During a fuel crud removal operation on the Paks-2 unit on 10 April 2003, several fuel assemblies were severely damaged. The assemblies were being cleaned in a special tank of the Paks Nuclear Power Plant, Hungary under deep water level in a service pit connected to the spent fuel storage pool. The first sign of fuel failure was the detection of some fission gases released from the cleaning tank. Later visual inspection revealed that most of the thirty fuel assemblies suffered heavy oxidation and fragmentation. The first evaluation of the event showed that severe fuel damage occurred due to inadequate cooling.
The Paks-2 event was discussed in various committees of the NEA and the International Atomic Energy Agency (IAEA). Recommendations were made to undertake actions to improve understanding of the incident sequence and consequences that this had on the fuel. It was considered that the Paks-2 event may have constituted as a useful case for comparative exercises on safety codes, in particular for models devised to predict fuel damage and potential gas releases under abnormal cooling conditions. Analyses on the Paks-2 event would have also provided information relevant for in-reactor and spent fuel storage safety evaluations.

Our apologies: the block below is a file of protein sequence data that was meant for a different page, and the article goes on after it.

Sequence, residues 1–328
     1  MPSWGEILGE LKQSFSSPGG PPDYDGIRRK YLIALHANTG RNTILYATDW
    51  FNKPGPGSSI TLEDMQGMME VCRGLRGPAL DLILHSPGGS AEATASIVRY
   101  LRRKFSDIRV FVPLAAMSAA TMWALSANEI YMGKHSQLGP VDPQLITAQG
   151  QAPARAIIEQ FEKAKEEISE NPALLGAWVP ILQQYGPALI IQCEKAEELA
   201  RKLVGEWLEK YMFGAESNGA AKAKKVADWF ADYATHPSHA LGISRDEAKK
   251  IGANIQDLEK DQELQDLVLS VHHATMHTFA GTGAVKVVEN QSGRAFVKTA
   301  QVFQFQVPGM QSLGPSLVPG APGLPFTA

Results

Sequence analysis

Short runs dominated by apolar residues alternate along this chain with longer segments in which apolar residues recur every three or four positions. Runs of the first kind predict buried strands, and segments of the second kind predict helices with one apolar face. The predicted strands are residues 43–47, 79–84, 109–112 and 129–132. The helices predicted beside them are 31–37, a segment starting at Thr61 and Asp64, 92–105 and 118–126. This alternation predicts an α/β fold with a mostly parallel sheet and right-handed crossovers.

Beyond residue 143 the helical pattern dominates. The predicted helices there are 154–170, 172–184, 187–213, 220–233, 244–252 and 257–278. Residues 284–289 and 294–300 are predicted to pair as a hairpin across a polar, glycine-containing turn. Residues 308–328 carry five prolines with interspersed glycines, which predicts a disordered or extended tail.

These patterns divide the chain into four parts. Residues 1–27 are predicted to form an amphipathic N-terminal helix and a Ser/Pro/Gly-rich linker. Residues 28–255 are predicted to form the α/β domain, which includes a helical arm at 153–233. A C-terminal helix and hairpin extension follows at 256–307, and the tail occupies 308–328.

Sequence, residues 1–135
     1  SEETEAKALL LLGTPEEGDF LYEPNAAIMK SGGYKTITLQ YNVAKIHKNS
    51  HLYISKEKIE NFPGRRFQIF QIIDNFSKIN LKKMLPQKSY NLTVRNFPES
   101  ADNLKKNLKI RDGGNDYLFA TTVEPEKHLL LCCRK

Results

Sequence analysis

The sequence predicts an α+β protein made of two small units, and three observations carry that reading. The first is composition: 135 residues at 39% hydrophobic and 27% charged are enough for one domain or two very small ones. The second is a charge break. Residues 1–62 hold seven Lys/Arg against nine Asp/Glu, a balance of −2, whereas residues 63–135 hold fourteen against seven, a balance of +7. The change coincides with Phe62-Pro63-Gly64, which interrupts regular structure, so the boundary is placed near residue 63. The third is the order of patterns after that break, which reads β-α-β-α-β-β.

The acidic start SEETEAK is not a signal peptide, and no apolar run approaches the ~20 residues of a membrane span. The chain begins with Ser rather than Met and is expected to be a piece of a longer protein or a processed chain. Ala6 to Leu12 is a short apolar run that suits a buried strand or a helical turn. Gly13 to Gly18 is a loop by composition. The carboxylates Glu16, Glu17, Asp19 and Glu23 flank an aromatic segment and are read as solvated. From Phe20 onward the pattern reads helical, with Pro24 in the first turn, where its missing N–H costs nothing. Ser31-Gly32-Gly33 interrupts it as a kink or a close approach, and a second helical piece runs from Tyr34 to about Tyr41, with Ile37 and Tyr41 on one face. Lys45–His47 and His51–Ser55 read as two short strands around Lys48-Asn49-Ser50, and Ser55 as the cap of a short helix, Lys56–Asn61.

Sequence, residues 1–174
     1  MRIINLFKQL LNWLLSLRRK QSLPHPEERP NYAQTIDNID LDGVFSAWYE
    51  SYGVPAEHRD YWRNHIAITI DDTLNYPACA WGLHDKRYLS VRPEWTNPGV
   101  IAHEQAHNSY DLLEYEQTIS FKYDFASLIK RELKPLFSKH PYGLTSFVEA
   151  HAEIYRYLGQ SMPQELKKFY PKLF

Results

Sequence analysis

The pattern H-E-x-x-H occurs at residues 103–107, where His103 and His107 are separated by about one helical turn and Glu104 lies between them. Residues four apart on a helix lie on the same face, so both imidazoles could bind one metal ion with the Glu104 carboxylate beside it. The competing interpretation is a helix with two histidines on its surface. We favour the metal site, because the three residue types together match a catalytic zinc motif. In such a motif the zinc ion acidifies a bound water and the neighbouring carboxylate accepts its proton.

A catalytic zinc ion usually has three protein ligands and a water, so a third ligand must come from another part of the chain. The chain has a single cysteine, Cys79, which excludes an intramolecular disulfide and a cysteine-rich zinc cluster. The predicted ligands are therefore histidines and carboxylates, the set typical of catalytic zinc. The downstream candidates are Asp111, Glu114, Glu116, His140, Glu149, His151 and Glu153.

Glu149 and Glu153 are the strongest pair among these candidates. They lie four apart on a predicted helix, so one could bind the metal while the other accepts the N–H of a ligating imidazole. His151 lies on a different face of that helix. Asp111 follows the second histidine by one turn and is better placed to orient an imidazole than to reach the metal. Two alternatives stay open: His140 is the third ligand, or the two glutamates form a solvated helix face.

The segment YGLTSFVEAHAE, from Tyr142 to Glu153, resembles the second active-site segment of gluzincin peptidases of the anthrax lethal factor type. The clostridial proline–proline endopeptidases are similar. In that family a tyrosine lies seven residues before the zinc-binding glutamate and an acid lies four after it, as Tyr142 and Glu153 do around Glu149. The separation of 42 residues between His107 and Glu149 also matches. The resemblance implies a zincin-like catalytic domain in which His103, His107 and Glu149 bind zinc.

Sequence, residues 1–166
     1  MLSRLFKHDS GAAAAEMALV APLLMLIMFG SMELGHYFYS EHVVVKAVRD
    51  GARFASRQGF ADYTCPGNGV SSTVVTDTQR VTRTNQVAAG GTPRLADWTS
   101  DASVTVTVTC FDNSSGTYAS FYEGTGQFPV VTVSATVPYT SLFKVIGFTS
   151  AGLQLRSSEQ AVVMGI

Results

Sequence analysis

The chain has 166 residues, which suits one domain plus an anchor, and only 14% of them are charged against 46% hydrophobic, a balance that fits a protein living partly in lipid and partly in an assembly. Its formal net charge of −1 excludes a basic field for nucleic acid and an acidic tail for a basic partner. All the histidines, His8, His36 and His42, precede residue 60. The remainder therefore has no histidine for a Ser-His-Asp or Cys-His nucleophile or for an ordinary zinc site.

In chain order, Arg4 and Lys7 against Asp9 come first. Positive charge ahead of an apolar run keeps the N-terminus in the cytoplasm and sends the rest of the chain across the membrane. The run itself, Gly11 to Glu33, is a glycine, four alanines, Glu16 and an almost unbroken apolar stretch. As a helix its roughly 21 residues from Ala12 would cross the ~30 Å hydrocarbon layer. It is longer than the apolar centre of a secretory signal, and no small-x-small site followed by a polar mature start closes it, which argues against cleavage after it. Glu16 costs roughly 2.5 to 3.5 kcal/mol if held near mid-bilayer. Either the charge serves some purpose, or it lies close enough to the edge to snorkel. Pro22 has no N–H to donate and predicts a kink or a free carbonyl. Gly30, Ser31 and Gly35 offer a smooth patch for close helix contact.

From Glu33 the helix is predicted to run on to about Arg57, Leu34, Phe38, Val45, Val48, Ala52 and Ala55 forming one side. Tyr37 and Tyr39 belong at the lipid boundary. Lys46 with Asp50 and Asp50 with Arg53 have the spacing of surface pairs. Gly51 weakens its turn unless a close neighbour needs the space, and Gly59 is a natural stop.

The OECD-IAEA Paks Fuel Project was established in 2005 as a joint project between the IAEA and the OECD/NEA. The IAEA provided financial support to the operating agent (Hungarian Academy of Sciences KFKI Atomic Energy Research Institute (AEKI)) and reviewed the progress of the project within the framework of the IAEA Technical Co-operation Programme, RER/9/076, Strengthening Safety and Reliability of Fuel and Material in Nuclear Power Plants.
A final report was published in 2010 and can be found below.
The data abstract is public.
International Atomic Energy Agency, Safety Assessment Section, Vienna (Austria) (2010), "OECD-IAEA Paks Fuel Project Final Report", International Atomic Energy Agency (IAEA).
Belgium, Finland, France, Germany, Hungary, Russian Federation, Slovak Republic and United States.
November 2004-November 2007
Sponsored by the IAEA.